Anat Gabriel is the chief executive of Unilever Israel, whose products include the Telma, Knorr, Lipton and Hellman’s brands, and Strauss ice cream.
“Although there will always be someone who has doubts or cynicism about one step or another, most consumers actually welcome steps designed to improve the nutritional profile of the products they consume,” she says. “As a major food company, we have a responsibility to our consumers and can’t march in place.”
Israeli consumers’ confidence in food and beverage companies, according to Maala’s most recent survey, is actually up compared to last year, Gabriel says. And yes, healthiness is the watchword.
Tnuva’s Gross Shon adds: “The subject of sugar and salt and the risks in consuming them haven’t sunk in with consumers to the extent that they understand that they need to reduce sugar and salt.”
As she puts it, “It’s not enough for us to have decided to reduce sugar. I have to explain to the public why it’s important, and if I, as Tnuva, do this, maybe consumers won’t believe me that it’s really important to their health.”
Borenstein says consumers want a choice “People say: ‘I want the food to be adapted to me rather than my adapting to the food producers,’” she says
Some of this choice relates to consumer health, but Borenstein says there’s also a desire to take back control over what we’re eating.
“When the Health Ministry says less sugar, some of the producers translate that into ‘let’s put something in instead.’ But consumers say: ‘Maybe sugar isn’t good, but is what you’ve put in instead worse?’” she says.
“We see discussions on the web in which someone writes: ‘But stevia [a sugar substitute] is natural’ and people reply: ‘Sugar is also natural.’ There’s no doubt that with all due respect to regulatory agencies, the consumer wants to know what’s replacing the sugar, and not just that they have reduced the amount of sugar.”
The problem is that changing tastes takes time. “Tnuva has already gradually reduced 40% of added sugar,” Gross Shon says.
“If I replace the sweetness from someplace else, they’ll never get used to less sugar. There’s a direct connection between taste buds and the brain, and when the brain senses sweet, it wants more sweet.”
Unilever’s Gabriel says that since 2005, her company has consistently reduced the sodium in its products.
“Since 2010 we have gradually been reducing sugar, and in 2012 we removed trans fats from all of our products, even before these subjects were on the public agenda and before legislation on the subject was proposed. In addition, we have announced that by the end of the year, the boxes of all our Telma breakfast cereals will be marked with symbols showing the number of teaspoons of sugar,” she says.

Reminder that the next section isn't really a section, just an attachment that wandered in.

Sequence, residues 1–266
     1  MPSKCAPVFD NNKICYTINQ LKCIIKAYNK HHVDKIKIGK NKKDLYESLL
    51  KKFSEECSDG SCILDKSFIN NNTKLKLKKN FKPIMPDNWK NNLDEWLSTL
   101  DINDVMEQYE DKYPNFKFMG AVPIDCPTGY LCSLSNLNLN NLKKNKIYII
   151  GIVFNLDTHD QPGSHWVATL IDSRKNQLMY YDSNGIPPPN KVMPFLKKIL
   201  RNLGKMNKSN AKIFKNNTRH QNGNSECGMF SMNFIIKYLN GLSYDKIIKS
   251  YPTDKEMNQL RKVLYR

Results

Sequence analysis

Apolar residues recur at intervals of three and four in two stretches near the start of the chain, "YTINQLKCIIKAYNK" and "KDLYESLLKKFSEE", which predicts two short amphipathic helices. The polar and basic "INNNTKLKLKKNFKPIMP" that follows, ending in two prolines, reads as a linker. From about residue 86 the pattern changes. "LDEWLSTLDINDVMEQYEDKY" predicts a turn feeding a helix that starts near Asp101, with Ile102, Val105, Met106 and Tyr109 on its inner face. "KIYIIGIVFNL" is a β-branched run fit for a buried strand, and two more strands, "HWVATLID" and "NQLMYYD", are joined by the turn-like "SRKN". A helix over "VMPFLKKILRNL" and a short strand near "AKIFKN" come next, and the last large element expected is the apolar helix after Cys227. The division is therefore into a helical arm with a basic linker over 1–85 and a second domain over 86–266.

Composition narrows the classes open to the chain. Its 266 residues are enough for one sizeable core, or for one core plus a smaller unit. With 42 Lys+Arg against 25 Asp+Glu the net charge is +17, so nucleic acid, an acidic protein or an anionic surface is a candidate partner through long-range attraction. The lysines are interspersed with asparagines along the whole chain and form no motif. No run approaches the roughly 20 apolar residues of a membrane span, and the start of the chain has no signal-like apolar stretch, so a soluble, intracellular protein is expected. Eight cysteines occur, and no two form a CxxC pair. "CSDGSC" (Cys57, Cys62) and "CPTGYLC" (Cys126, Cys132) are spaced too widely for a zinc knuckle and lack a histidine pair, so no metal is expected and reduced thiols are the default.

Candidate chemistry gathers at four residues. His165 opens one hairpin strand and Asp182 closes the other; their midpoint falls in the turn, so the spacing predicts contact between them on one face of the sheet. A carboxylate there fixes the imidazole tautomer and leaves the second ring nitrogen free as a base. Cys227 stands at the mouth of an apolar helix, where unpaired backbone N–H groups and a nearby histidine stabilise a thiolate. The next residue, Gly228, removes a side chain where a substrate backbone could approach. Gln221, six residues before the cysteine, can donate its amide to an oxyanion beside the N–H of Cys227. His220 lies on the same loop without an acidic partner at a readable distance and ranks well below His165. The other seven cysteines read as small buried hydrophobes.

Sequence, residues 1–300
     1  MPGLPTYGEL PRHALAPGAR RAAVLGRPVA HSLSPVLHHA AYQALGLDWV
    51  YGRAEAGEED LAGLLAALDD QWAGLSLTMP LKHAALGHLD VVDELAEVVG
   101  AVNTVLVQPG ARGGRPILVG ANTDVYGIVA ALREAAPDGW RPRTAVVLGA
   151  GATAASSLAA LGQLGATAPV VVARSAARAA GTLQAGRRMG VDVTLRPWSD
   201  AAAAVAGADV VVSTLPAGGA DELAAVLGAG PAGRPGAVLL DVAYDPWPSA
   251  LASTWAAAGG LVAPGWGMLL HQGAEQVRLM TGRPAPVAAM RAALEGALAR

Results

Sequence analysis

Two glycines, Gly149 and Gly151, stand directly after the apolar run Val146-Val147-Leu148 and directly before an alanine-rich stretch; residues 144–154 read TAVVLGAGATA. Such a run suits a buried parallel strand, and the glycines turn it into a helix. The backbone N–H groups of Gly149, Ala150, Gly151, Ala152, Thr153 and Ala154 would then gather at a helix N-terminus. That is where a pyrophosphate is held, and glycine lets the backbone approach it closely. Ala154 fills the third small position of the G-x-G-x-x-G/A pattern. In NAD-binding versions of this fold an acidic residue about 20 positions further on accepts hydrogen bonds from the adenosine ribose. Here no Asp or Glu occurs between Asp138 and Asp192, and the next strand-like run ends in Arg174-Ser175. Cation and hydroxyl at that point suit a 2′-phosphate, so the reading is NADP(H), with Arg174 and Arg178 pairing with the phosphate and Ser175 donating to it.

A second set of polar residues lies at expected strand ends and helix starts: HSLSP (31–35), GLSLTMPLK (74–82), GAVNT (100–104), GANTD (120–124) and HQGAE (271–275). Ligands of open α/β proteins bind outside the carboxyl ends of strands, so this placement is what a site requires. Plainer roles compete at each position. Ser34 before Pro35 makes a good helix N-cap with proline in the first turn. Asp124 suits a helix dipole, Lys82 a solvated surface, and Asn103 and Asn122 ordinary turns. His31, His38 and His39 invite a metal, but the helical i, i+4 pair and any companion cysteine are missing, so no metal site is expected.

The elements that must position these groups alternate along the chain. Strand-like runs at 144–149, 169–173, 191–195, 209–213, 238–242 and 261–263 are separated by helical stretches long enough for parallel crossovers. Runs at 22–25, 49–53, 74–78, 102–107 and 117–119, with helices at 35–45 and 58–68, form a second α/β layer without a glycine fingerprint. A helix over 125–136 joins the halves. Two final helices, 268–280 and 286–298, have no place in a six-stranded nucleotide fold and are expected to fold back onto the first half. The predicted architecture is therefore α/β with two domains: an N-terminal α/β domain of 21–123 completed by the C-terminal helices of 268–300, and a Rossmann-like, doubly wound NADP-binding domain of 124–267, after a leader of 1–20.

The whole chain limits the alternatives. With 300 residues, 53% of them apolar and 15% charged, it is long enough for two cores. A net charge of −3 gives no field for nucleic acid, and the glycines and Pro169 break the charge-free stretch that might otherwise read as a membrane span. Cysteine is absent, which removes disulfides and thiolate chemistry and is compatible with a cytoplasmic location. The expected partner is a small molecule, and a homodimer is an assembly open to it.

“We’re not replacing the sugar with worse ingredients to save on costs. On the contrary, sugar is one of the least expensive raw materials, and we're replacing it with more grain, which is necessarily more expensive, but we’re not passing the cost on to the consumer.”
So how does Gabriel’s industry address consumers’ perceptions that manufactured food is less healthy?
“I don’t think that in the current era anyone really believes that you can get by with food grown in plots next to your house. Manufactured food isn’t necessarily a negative thing. It’s essential and we can’t do without it,” she says.
“The trick is, to the extent possible, to improve the products’ nutritional profile; for example, by reducing sugar and sodium and adding nutritional fiber and whole grains and still maintaining the taste.”
Borenstein says the planned changes in product labeling are part of the response to consumer demands, but not necessarily the entire response.
“Some of the discussion on social media about sodium, for example, is ‘I don’t want this with so much salt. If I want salt, I’ll add it.’ The consumer wants to be the one to decide,” she says.
Gross Shon adds that there’s no doubt the food industry’s challenge is complex.
“To reduce the quantity of sugar and salt and still produce products that taste good, we’ve carried out dozens or hundreds of taste tests,” she says. “Do you think anyone is applauding? On the contrary, on the one hand they say ‘Cut it down,’ but on the other they say ‘It doesn’t taste good.”
Gross Shon concludes: “Dealing with the subject of trust means simply doing it, and everything else will come.”
Sivan Klingbail, a former writer and editor for Haaretz, is an independent reporter and television presenter.